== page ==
All four band members were impressive at this show. Gary is a bit of a dark horse really and I don't know much about him as he only appears live, but he's integral to the band's performance especially when Markee is on guitar. Markee seems to have got a bit more used to guitar since 2004 - as the band didn't perform a lot of songs from Kokopelli he doesn't need to use it as much but when he did, it fit right in. Both Markee and Gary didn't make any cock-ups on keyboard, it was a pretty slick show all round as far as electronics were concerned. Mitch Glover is a force of nature on drums. The three shows I saw in 2003/2004 had him behind a glass screen because back then he hit everything so hard they had serious mixing problems with his drums - he doesn't seem to be quite as nuts these days but he's still pretty loud, and more importantly he's right on time, all the time. This is true in a rock track like "All In My Head", the less drum-intensive electronic ones like Damage and even in ones where he provides more flourishes at a breakneck speed like Suicide. I think Mitch's contribution to this band's live appeal can't be underestimated. Without this braided-mohawked powerhouse providing the beats I think the dynamics of the band would far less impressive live - there's only so far sequenced drums can take you, and Mitch's aggressive but precise approach is exactly what a lot of Kosheen's songs need.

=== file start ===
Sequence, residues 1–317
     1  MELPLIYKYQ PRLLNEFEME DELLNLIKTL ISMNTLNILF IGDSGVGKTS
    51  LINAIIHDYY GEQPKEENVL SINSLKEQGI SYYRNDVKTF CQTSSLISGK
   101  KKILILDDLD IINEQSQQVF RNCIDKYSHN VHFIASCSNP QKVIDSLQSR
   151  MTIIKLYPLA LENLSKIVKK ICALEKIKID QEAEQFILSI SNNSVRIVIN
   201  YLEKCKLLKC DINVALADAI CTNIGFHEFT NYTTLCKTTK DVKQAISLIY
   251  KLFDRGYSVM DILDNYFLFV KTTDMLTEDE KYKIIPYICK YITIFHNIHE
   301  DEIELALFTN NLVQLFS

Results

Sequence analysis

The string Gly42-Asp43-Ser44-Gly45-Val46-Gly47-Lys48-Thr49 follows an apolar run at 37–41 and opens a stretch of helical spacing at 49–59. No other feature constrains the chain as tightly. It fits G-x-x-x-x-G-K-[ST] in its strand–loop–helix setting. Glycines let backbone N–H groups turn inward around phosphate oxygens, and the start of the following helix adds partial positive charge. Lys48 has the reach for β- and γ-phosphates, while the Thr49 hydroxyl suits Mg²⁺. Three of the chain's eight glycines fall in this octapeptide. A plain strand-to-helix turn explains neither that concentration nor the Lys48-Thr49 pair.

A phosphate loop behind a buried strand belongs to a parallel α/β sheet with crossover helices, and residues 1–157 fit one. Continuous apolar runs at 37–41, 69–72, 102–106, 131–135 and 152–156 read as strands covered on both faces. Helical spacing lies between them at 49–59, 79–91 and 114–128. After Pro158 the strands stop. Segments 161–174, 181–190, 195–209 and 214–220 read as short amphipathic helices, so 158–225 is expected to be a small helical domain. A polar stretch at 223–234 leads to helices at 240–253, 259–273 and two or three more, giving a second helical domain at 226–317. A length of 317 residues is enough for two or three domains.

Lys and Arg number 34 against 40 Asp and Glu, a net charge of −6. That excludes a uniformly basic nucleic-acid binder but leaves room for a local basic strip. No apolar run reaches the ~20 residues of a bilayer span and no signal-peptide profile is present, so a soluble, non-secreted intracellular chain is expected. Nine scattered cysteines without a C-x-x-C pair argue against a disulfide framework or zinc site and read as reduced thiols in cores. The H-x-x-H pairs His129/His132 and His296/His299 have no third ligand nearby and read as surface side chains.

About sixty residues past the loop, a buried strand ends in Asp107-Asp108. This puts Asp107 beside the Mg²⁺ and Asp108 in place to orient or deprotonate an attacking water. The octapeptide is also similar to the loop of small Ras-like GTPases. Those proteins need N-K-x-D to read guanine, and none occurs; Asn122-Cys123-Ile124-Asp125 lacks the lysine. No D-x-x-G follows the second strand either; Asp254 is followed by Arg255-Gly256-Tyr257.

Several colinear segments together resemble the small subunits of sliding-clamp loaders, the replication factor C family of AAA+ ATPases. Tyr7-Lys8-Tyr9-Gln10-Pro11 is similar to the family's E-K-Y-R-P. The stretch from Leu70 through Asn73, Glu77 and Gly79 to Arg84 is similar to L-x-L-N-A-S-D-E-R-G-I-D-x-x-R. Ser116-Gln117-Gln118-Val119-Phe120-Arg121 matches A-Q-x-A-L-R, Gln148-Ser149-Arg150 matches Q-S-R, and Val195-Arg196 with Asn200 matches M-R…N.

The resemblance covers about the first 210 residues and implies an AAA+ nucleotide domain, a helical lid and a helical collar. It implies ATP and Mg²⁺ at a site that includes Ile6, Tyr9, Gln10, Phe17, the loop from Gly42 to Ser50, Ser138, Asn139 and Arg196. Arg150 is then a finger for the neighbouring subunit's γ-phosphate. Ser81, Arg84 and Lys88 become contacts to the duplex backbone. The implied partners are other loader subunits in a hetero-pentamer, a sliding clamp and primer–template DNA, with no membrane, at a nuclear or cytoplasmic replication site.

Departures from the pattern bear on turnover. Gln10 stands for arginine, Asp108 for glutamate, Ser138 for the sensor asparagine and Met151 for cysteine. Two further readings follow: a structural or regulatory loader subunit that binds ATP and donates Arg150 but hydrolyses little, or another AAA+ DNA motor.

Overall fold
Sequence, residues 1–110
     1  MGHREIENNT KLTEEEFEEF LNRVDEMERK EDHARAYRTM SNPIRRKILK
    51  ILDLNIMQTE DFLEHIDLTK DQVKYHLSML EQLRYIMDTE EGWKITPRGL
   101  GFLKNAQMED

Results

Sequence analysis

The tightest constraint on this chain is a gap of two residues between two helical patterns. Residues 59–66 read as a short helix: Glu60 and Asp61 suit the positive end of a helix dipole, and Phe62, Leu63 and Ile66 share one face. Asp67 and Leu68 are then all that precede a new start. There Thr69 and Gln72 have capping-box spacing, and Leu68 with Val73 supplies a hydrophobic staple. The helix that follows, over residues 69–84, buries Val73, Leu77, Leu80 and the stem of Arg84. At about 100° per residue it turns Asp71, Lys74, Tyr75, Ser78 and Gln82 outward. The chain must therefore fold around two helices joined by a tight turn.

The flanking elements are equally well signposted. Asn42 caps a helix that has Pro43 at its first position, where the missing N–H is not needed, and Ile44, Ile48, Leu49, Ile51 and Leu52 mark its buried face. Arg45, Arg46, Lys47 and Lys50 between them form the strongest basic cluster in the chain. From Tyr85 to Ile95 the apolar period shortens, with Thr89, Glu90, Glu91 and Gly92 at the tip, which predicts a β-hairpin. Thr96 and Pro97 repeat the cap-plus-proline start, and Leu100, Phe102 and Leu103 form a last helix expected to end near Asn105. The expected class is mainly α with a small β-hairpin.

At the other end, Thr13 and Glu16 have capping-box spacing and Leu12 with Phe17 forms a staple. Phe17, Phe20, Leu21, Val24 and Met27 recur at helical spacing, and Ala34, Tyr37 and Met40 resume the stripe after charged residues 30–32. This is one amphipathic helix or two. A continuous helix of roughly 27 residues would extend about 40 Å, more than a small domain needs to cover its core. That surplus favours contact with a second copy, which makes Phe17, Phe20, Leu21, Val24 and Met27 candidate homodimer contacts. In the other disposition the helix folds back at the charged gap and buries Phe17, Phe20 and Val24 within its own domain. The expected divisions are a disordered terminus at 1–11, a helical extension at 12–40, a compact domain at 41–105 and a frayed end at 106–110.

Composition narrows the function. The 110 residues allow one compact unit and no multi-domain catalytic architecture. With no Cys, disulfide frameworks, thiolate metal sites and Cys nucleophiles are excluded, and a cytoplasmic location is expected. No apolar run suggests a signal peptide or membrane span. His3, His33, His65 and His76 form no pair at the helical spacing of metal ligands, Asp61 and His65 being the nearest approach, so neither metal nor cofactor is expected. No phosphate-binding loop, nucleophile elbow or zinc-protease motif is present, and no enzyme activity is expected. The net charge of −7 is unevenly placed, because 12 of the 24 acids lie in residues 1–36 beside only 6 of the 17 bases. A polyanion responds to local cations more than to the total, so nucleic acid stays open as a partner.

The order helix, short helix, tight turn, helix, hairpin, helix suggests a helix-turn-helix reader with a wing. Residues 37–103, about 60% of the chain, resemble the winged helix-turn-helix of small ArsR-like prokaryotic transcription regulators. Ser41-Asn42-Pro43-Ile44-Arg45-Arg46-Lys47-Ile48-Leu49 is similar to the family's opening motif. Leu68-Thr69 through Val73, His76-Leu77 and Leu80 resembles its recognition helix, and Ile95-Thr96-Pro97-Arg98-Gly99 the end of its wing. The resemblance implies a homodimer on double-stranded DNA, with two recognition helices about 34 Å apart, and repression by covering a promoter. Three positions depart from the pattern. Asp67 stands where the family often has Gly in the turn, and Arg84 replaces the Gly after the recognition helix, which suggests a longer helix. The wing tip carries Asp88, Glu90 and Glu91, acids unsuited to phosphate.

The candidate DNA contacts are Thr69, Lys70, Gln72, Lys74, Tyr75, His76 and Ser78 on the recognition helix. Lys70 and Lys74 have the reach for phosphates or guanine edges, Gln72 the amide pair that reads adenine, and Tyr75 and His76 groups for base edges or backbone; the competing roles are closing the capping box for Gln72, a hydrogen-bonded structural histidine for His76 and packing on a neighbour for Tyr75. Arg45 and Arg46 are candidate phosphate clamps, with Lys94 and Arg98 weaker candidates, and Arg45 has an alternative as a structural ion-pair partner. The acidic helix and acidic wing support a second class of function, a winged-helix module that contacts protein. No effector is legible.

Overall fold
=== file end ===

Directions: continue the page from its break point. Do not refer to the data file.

Especially when you consider he has to keep up with Sian. I criticised Independence for playing her down more than any of the other three albums, but live she's kept up in the mix and she can rise to the task of being the focus of the audience spectacularly. I've heard Sian waver on some higher notes and some long sustains in previous gigs but she surprised me a this one because she had no trouble at all - on the really tricky ones like "Empty Skies" and "Belladonna" especially, as "Empty Skies" definitely seemed to have challenged her vocally before. No such issues here, and her interaction with the crowd (which I was only one person deep into and I had a pretty good view) was, as ever, pretty good - she never seems disinterested or distracted and the enjoyment she was clearly having from performing not only the classic material but also the very new songs was a massive reassurance to me, having wondered how strong an influence she had been during the making of Independence. Sian stays right in the First Class of singers in dance music and near the top of my list of favourite singers of all time.